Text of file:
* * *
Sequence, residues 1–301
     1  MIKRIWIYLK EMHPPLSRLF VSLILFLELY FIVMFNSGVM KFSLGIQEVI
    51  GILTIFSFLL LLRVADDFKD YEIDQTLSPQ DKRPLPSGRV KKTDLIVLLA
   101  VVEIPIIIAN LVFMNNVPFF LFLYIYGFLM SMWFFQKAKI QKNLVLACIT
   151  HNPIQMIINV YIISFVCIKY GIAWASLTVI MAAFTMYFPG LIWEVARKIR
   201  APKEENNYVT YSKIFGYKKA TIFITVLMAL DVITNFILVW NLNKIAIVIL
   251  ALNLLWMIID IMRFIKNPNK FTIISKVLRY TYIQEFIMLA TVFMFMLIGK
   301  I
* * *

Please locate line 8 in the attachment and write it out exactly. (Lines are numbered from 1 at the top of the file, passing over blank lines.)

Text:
   301  I